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Existing weed control

Posted by GardenAl 7 (My Page) on
Fri, Mar 29, 13 at 21:28

Thanks to those of you who helped me with questions about pre-emergents that are safer for dogs. I applied Amaze preemergent about 2 weeks ago.

My next question is what do you suggest to use to kill the existing weeds? I'm attaching another picture to show the current state of the yard. Again, the conditions are that I want to find the safest, but effective, treatment.

Also, when should I apply this? Do I need to allow some time?


Follow-Up Postings:

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RE: Existing weed control

I'm not sure what area you're in, but I definitely recognize that weed. Annual Bluegrass, sometimes referred to by it's scientific name "Poa Annua" is a difficult problem especially in areas with clay soil.

By far the best post-emergent control is made by Bayer, and they know it's the best. Revolver is an amino acid blocker, which kills a wide range of cool-season grasses including both Poa Annua and Poa Trivialis. The great thing about this mode of action is that there is little to no risk of herbicide tolerance/ resistance becoming a problem. The downside is the cost as it is among the most expensive herbicides per 1,000 sqft.

Another choice is a product called Certainty, which also offers Annual Bluegrass control, but usually doesn't perform as well, and has some draw-backs such as the fact that it becomes inert after 3 to 4 days in water, so you have to mix exactly what you need at the time of application. Also, it too is a pricey product as it is fairly new. The major advantage is that it is the best control I've seen for Purple Nutsedge, which is a perennial summer weed.

Personally, I would let the heat take care of the Bluegrass at this point. If you kill it with either product, it will simply turn yellow and sit there until the temperatures climb enough for it to decay. Also, post-emergent herbicide used during Spring Transition is more stressful to the lawn that when the turf is active and can metabolize the herbicide. Spraying during transition often stunts healthy turf.

When you get to Fall, the most trusted product for prevention is Simazine, which is very cheap to use. I have personally done field tests on several others and not seen results that compare. There are a couple of new products I will be trying this year, but they are very concentrated and high priced.
The link shows the results achieved by Simazine in the Fall at the proper rate for Bermuda (3/4 oz per 1,000 sqft).

Here is a link that might be useful: property line with neighbor's annual bluegrass


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RE: Existing weed control

Thanks for the response, serenity. The Bayer Revolver sounds like powerful stuff, and it is pricey. I'm wondering how far one 32 oz. bottle would go. I read that 1 oz per 1,000 square feet. My yard is about 15,000 square feet, so that means one bottle would treat the yard twice. How often do I need to apply this? Once a year? Twice?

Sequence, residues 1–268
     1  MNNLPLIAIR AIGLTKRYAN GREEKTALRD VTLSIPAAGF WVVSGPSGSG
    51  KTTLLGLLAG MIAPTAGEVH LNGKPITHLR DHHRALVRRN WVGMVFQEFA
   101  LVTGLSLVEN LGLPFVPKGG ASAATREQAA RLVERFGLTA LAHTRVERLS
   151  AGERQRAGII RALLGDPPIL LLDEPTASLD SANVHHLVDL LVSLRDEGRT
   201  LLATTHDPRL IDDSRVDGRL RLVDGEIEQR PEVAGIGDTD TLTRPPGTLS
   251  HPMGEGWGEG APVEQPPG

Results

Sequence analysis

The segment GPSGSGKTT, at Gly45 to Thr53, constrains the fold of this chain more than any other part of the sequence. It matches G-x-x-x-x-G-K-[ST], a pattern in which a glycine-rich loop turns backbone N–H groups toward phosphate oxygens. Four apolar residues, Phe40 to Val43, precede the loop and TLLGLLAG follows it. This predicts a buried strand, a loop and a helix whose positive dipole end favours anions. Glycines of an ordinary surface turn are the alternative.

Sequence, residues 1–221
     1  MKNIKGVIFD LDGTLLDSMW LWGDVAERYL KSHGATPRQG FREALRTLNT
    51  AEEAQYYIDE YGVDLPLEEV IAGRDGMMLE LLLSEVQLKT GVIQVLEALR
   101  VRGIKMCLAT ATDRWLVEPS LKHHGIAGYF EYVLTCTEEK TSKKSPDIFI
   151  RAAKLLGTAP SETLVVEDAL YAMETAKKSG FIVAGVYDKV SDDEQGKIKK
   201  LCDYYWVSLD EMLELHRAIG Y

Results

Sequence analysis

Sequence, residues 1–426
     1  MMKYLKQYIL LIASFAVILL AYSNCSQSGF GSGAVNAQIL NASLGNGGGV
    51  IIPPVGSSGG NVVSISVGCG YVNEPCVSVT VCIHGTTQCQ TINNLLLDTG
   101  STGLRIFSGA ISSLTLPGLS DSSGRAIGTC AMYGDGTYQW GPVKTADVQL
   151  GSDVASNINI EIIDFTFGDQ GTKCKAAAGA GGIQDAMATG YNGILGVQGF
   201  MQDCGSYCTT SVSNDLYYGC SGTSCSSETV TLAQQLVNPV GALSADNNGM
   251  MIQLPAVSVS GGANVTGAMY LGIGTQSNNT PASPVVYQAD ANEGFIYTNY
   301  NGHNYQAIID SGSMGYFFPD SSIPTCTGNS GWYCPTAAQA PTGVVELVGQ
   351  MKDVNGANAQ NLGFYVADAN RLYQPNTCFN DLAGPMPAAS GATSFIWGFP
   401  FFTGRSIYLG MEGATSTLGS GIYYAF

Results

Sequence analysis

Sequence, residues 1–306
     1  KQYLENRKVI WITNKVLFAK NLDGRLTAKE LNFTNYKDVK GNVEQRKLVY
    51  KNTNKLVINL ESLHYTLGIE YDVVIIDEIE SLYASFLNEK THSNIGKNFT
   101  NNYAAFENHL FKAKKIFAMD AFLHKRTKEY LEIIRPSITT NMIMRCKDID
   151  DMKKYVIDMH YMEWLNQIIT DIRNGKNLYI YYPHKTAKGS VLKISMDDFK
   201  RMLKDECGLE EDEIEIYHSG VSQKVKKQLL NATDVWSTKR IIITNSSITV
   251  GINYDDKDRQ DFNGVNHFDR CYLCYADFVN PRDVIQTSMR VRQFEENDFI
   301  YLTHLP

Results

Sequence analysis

Also, more importantly for me, is this stuff safe for small dogs? Obviously not at the time I apply it, but will I be able to let them out in the yard within a day of applying?

I am attaching another picture of different snapshots of weeds in the yard. I'm not familiar enough with weeds to identify them, but I do know we have several types. I'm showing this to you in order to give you more insight to what we have.

Thanks again!


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RE: Existing weed control

The Revolver has a low toxicity level, so after it dries it is fine to let the dogs out.

Revolver is almost always applied through a handcan or backpack sprayer. The math on this is usually 1 gal per 1,000 sqft, of solution, so 1 oz. per gallon. As for coverage, only apply it to the Annual Bluegrass, which I hope is not covering the entire lawn.

The other weeds are broadleaf, so you have a wide variety of low cost herbicides available. Most broadleaf herbicide control has some form of a phenoxy acid, such as 2-4 D or Mecoprop (MCP or MCPA), with a similar acid Dicamba. This combination of 3 comes through in the trade names as well: Three Way, Trimec, Tri-Power, etc. Most nurseries or your local John Deere Lesco can provide a 1 gallon or 2.5 gallon jug, which would last a long time. The rate is usually 1.1 - 1.5 oz per 1,000 sqft, which again is per gallon through a handcan or backpack.

Unlike many lawn care companies, I choose to spot spray virtually all of my post emergent weed control during Spring. The reason is that post-emergent herbicides can stunt transition and increase the risk of disease activity during transition. During a lawn's normal growth period, most herbicides are metabolized by the grass and have virtually no ill effect, but during transition the grass is more susceptible to damage while the new growth comes out and as the soil temperatures fluctuate with Spring.

As for repeat applications, at the rate of 1 oz (3/4 of an oz is usually effective for Poa). One application is plenty, as it is very effective control. If you do a good job on pre-emergents in the Fall, you will reduce the Poa activity by 80% on average in the following season. So the Revolver would be used again in March, but not to the same extent. Revolver is also used on Dallisgrass and combined with Certainty or Celsius during transition. Dallisgrass is a whole other topic though.

The before and afters on the link below can be seen at the bottom of the page. The one on the left shows weed control as describe for broadleaf weeds and the one on the right shows a lawn full of Bluegrass last season vs. the beginning of this season after two Simazine applications in Fall.

Here is a link that might be useful: before and afters at the bottom of page


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